Featured Artist Interview | Voice Of Addiction

Posted By: Candice Anne Marshall On:

Voice of Addiction

Indie Music Monday Exclusive Interview | Voice Of Addiction

By Candice Anne Marshall

IMM – Hello Gentlemen! Welcome to Indie Music Monday! What do you know about Indie Music Monday and when did you find out you were being hosted on our site?

VOA – IMM is new to my radar, but I have checked the site out and am excited to be included. We really appreciate the support.

IMM – What has been the media response to your new album (released June 2017) ‘The Lost Art of Empathy’?

VOA – Actually, it was released July 16th, and we have had an overwhelmingly positive response so far. I have been doing this a long time and it really makes a guy feel good when all these efforts come to fruition and are appreciated.

IMM – What does the title of the album suggest in terms of life and/or the music industry?

VOA – We live in a very narcissistic and self-obsessed culture.  The title is a metaphor for all of modern day life and society. Through social media we only surround ourselves with people who agree and have created echo chambers. The same can be said for how people choose the rest of their news, entertainment etc. While we are in a certain golden age of technology we have unending options and choices. And we once again usually stick to things that agree with our politics and outlooks on life.

IMM – Which was your favorite song on the album to produce?

VOA – That’s like asking a father which one is his favorite child 😉 I wanted to recreate something we did on the full- length preceding this. Very last minute we decided it would be cool to end the album with an acoustic song that incorporated all the song titles on the album. Within days I wrote and recorded the song. So, with this album I waited until the last minute to write the song. Again, within days writing and recording the song. I did this on purpose I wanted to keep every aspect of it raw. This time I decided to chronologically go through our west coast tour we just finished. So, I guess I would say ‘Are We Even Human Anymore’ because I had the least idea of how it would turn out.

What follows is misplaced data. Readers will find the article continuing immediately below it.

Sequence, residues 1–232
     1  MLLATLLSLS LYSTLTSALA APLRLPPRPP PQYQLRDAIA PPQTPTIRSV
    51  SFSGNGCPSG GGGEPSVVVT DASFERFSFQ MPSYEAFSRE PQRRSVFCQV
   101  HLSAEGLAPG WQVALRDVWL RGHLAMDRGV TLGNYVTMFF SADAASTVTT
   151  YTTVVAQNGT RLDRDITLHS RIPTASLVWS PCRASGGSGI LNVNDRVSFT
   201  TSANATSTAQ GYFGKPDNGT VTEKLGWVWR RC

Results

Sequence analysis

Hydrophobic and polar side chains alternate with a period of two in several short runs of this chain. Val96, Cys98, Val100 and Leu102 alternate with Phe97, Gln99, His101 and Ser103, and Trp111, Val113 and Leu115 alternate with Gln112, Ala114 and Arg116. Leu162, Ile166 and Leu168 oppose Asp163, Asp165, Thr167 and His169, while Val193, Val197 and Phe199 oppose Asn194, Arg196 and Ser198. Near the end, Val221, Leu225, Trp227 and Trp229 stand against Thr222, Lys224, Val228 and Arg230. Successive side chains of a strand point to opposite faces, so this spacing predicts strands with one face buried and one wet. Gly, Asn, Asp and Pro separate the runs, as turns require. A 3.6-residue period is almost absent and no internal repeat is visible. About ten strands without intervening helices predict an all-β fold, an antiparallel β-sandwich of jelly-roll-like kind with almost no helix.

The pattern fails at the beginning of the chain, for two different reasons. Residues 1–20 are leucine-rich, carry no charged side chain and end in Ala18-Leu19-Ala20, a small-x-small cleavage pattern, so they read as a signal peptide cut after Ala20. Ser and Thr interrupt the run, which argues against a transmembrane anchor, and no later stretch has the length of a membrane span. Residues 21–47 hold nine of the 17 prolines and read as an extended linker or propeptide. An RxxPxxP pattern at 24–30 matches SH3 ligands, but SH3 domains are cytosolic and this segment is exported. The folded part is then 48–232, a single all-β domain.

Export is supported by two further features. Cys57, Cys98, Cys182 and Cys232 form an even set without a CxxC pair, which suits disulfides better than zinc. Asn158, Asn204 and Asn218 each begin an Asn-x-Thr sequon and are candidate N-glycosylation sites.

IMM – We read in an interview that the Punk Rock genre has always been a part of your music career history – what draws you to the punk rock genre?

VOA – I come from a pretty big family and all of us were into punk rock. From a very young age I was dubbing cassette tapes from them of all the mainstays of the genre. Throughout my teenage years I was always in a handful of punk bands at all times. Once I moved to Chicago and started music school I started joining all types different bands etc. it is part of the major to play all styles. I had about 5 years of not really playing in a “punk band” per say. But as I have gotten older I find myself more and more going back to my roots for inspiration, strength and emotion.

IMM – A lot of the song titles on the new album are pretty literal in meaning. Which song is your favorite off the new album and why?

VOA – ‘Rustbelt’ is a pretty personal song for me. I spent my first 21 years growing up in Cleveland Ohio. I feel like my lifetime has been spent watching the eradication of the middle class.  I watched the American dream die in front of my eyes. As factories close, people lost jobs, and desperate people do desperate things. I am very happy to see how far that city has improved since I left, but we are products of our environment. And that’s when and where I formed my politics and world views.

IMM – Which song off the new album is your favorite to perform live and why?

VOA – we always get a strong reaction from ‘Corporate Pariah’ live. Dynamically in the set is for sure is set apart from the others. It starts with a ballad, and then alternates between a ska verse and a driving chorus which get the booties moving! Ha ha

IMM – Just today, as I was typing up this interview, the world has learned of yet another very tragic shooting in Las Vegas at a music festival. Can you tell us what your thoughts are on this and what you feel about the safety of musicians and their fans? Meaning: what would you do as a band to avoid catastrophe such of this magnitude?